Here’s your monthly round-up of articles and stories about language and translation for July 2020.
- How media use of language when talking about domestic violence denies the existence of a pattern.
- Literary translator Saudamini Deo was interviewed about forgotten Hindi authors whose work can now be read by English speakers for the first time.
- How are Britain’s small presses translating Norwegian literature?
- Cambridge Words’ blog asked whether idioms that use ‘black’ and ‘white’ are offensive. It also looked at words related to light.
- Offensive language: “If obscenities are used they should be spelled out in full,” says The Economist. On a more lighthearted note, the magazine also published a guide to the lingo of dating during a pandemic.
- The racist origins of 7 common phrases. While they are rarely used in their original contexts today, knowing their racist origins casts expressions such as these in a different light.
- Sorry can be more than a mere word when it has real-world consequences.
- A kiss can sometimes be a way of apologising, and July 6th was International Kissing Day. Here are some of the ways of talking about kisses, and where those words come from.
- July 4 and July 14 are national holidays in the USA and France respectively, and both occasions would normally be celebrated with firework displays. What do you know about the language of pyrotechnics?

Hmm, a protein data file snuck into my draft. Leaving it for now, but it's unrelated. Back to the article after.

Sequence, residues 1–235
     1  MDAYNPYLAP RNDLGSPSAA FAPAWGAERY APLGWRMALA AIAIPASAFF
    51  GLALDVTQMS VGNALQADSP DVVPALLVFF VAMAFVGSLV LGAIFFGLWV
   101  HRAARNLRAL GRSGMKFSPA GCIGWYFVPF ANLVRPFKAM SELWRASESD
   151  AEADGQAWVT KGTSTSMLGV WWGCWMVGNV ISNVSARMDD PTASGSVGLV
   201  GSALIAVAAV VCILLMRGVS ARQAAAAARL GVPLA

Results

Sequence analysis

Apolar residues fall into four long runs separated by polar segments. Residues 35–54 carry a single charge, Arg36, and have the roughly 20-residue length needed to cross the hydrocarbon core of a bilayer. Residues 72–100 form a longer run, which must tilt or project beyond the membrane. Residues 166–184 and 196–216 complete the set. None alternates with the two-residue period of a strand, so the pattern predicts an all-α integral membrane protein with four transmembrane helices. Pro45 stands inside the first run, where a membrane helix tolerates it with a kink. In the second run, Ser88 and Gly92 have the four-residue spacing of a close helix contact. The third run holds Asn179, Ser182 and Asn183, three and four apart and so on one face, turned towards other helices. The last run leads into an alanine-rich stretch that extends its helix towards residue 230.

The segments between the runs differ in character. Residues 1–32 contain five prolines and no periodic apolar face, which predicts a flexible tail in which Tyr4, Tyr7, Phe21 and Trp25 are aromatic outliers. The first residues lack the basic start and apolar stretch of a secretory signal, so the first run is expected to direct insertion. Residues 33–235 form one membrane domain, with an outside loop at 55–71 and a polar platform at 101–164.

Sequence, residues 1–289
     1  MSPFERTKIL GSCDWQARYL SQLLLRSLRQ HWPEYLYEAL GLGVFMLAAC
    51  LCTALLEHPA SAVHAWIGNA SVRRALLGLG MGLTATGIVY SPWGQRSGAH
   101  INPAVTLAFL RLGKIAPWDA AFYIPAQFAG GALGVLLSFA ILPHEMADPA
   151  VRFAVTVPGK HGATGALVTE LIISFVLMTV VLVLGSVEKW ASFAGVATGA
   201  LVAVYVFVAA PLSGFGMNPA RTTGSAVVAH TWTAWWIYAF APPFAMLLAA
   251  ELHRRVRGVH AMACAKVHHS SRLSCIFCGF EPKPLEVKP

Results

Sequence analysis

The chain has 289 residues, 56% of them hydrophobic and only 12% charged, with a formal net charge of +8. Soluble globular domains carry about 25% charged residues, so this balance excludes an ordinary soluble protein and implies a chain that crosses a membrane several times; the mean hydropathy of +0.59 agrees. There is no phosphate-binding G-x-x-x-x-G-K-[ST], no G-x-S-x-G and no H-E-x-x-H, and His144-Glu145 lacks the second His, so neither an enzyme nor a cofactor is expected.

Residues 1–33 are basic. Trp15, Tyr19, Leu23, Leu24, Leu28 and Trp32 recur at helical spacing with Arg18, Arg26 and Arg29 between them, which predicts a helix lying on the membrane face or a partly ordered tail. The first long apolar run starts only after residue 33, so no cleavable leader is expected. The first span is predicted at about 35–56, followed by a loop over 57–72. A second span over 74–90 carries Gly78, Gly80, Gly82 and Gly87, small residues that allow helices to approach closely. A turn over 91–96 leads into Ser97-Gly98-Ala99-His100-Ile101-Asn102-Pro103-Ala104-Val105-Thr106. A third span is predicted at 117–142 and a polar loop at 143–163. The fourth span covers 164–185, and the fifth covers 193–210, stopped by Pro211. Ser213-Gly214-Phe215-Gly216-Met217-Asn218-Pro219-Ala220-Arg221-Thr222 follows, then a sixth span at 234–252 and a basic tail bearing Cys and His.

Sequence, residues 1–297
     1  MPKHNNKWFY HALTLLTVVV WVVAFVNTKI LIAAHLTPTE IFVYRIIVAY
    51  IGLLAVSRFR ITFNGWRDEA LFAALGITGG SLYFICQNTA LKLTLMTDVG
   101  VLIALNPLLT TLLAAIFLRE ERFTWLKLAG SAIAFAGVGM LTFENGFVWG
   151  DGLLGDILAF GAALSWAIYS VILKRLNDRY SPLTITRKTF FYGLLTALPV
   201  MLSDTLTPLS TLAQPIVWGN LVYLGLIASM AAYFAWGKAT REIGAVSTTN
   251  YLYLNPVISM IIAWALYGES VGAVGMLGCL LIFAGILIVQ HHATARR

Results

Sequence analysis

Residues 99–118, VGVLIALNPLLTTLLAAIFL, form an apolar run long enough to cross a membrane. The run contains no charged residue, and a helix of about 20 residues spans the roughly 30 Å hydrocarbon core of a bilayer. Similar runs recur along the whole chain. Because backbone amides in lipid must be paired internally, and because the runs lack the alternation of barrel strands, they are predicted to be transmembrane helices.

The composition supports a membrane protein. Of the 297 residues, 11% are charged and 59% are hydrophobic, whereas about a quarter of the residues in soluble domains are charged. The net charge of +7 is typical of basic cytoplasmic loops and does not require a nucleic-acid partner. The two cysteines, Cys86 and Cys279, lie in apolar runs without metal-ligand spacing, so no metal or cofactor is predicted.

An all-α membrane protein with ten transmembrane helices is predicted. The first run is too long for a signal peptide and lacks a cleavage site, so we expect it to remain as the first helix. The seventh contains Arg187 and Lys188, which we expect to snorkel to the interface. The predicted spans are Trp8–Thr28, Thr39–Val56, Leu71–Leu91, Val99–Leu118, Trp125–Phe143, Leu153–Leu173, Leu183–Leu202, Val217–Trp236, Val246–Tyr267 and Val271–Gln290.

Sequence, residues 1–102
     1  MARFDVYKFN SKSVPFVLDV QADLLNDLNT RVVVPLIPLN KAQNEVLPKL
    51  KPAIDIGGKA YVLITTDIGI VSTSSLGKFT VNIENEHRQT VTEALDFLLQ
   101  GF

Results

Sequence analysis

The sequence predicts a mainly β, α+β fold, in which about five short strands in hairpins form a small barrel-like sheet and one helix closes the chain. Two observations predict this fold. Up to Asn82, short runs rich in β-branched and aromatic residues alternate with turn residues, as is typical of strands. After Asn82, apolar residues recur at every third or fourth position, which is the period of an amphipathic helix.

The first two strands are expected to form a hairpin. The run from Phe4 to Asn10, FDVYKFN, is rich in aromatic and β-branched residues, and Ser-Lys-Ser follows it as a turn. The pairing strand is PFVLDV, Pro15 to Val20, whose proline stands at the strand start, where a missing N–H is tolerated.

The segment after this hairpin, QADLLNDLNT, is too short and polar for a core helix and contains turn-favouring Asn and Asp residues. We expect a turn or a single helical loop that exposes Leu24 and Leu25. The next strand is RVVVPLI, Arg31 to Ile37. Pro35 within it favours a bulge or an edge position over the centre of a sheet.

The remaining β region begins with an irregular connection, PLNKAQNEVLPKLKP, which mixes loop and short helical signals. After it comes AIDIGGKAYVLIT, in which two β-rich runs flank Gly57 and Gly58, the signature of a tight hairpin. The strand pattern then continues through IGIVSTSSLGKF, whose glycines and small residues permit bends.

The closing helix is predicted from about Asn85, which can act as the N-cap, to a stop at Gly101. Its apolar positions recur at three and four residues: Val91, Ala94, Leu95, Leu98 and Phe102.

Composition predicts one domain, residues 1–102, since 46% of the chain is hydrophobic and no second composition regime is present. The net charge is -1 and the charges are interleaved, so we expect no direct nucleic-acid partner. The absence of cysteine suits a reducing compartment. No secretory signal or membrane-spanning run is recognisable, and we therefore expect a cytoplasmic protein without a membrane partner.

- 7 wacky words that originated in the USA.
- A new writing system, the Ńdébé Script has been created to address the tonal distinctions and peculiarities of Nigerian languages. You can find out more about it here. (Incidentally, about 70% of the world’s languages incorporate tonal distinctions).
- 5 copywriting tips that also apply to translations.
- Slator reports that online payment portal Stripe found lack of translation was the most common error during checkout in European e-commerce.
- A Welsh medicinal chemistry PhD student at Cardiff University has started creating scientific words that didn’t exist in his native tongue.
- Staying in the UK, there are safety fears over the lack of translated coronavirus advice for resident non-English speakers.
- In this helpful post, colleague Nikki Graham shared 15 of her favourite useful links.
- To wrap up, savour the language of ice cream, and some ‘mixology etymology’: how some well-known cocktails got their names.